Fitch Ratings has predicted a surge in inflows into ESG funds, particularly in the alternatives space, even as investment managers may be forced to delay fund launches or fund raisings plans as a result of the covid-19 pandemic
The New York-based firm said the coronavirus may further fuel assets into ESG products, despite already seeing record levels of inflows in recent years, as investing sustainably is supported by “increased pressure on governments to correlate stimulus aid to emission controls, evolving consumer behaviour and the attitudes of younger generations”.
In a note, Fitch also said both traditional and alternative investment managers with “credible” ESG teams, processes and systems in place could have a “competitive advantage” in attracting flows given the “seismic shift” in investor attitudes.
“ESG offerings related to public equities, and to a lesser extent fixed income, have experienced widespread client mandates and record levels of inflows, which will be a catalyst for increased product offerings by global IMs in coming years,” the note said.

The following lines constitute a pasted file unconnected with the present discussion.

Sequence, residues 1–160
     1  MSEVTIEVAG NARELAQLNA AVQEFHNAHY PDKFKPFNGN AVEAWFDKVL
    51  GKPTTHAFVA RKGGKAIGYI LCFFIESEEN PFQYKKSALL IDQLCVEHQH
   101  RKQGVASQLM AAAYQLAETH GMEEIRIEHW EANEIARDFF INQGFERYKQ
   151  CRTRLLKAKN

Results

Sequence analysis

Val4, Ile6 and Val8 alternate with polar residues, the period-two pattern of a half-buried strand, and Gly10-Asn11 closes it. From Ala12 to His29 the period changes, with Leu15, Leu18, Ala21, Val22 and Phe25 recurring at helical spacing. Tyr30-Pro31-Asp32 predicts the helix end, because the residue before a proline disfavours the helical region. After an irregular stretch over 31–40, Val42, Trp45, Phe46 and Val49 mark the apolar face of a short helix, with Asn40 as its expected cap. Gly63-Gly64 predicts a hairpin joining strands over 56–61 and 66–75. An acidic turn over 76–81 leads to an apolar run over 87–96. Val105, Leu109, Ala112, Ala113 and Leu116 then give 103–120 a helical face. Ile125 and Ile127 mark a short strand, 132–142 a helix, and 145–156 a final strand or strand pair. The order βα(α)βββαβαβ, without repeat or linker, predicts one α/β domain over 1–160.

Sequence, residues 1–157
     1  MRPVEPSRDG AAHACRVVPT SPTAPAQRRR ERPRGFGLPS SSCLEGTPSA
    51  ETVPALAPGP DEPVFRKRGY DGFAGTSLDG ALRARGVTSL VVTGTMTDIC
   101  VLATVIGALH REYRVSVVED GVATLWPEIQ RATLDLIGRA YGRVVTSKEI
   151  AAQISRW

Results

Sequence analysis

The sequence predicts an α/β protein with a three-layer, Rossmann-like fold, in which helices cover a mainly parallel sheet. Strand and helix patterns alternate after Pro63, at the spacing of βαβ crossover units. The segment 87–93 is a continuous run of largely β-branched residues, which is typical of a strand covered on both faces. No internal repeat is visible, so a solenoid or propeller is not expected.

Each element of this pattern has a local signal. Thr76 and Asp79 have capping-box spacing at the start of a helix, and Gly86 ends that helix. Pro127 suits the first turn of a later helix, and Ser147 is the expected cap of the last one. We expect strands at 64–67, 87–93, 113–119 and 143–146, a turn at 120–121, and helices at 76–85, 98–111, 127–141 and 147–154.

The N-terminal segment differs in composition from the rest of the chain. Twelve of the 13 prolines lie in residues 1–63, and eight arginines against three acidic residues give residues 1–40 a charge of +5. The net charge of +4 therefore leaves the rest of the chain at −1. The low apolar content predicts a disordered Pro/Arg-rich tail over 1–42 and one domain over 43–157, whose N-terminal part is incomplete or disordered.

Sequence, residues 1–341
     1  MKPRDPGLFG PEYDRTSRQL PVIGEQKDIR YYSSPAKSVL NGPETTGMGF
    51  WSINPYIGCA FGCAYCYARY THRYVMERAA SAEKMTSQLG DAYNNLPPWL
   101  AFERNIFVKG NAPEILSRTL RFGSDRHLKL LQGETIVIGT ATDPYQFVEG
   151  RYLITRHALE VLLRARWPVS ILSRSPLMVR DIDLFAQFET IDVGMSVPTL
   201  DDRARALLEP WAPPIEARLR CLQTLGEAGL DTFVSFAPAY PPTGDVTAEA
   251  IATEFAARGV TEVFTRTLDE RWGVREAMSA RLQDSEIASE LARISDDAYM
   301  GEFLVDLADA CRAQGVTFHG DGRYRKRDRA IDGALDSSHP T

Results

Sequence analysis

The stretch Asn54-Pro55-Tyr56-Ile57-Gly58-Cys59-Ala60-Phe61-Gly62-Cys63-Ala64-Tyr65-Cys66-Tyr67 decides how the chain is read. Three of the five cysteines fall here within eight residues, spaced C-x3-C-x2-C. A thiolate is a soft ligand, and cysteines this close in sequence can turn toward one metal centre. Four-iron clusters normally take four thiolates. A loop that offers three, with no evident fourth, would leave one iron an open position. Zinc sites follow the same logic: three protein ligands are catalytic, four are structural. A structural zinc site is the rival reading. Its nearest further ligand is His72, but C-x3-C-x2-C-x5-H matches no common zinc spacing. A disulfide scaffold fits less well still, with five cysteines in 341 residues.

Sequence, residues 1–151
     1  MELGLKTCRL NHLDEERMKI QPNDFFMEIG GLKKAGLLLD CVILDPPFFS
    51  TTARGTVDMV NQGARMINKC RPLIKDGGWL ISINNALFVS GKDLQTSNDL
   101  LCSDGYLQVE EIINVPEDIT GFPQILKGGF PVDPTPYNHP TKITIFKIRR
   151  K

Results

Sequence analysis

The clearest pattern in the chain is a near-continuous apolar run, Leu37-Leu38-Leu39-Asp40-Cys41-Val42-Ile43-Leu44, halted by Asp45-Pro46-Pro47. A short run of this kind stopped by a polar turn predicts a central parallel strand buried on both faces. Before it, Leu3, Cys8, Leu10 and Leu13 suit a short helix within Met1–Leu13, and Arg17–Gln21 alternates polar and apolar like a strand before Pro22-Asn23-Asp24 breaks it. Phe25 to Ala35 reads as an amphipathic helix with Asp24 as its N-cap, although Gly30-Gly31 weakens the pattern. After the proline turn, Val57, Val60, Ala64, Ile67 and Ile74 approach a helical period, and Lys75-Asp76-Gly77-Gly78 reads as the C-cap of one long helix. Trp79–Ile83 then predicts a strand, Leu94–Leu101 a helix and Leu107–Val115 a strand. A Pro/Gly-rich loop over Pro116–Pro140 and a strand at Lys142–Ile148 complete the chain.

It highlighted flows into sustainable funds in the US totalled $21.4bn in 2019, a nearly fourfold increase over the previous year, according to Morningstar data. As at 31 December 2019, there were 564 traditional funds with $933bn in collective assets under management with ESG considerations in prospectus language, up from 81 funds in 2018.
However, Fitch said traditional investment managers are further along the asset gathering spectrum than alternative strategies but added many in Fitch’s rated alternative IM universe are “launching funds dedicated to ESG strategies, building teams and implementing ESG principles across the investment process”.
Although Fitch highlighted the upside potential for these firms to incorporate ESG, it also warned of the “long-term damage” of “greenwashing” or overstating ESG credentials.
It also warned: “Targeted ESG initiatives can also be in conflict with alternative IMs’ broader portfolios, which often contain meaningful oil and gas exposure. Investments that are not aligned with stated ESG strategies across platforms could see increased investor scrutiny, although investors are likely to grant ample time for portfolio transition, given select LPs’ goals to transition their own investment portfolios to become carbon neutral by 2050,” the note said.
It added public equity and fixed-income ESG index funds have only delivered “modest outperformance”, which has been largely attributable to the underperformance of energy investments in recent years.
“If ESG funds are unable to deliver returns and/or portfolio attributes consistent with investor expectations over a longer period, this could lead to a reversal of asset flows, while creating reputational and/or legal challenges for fund managers.”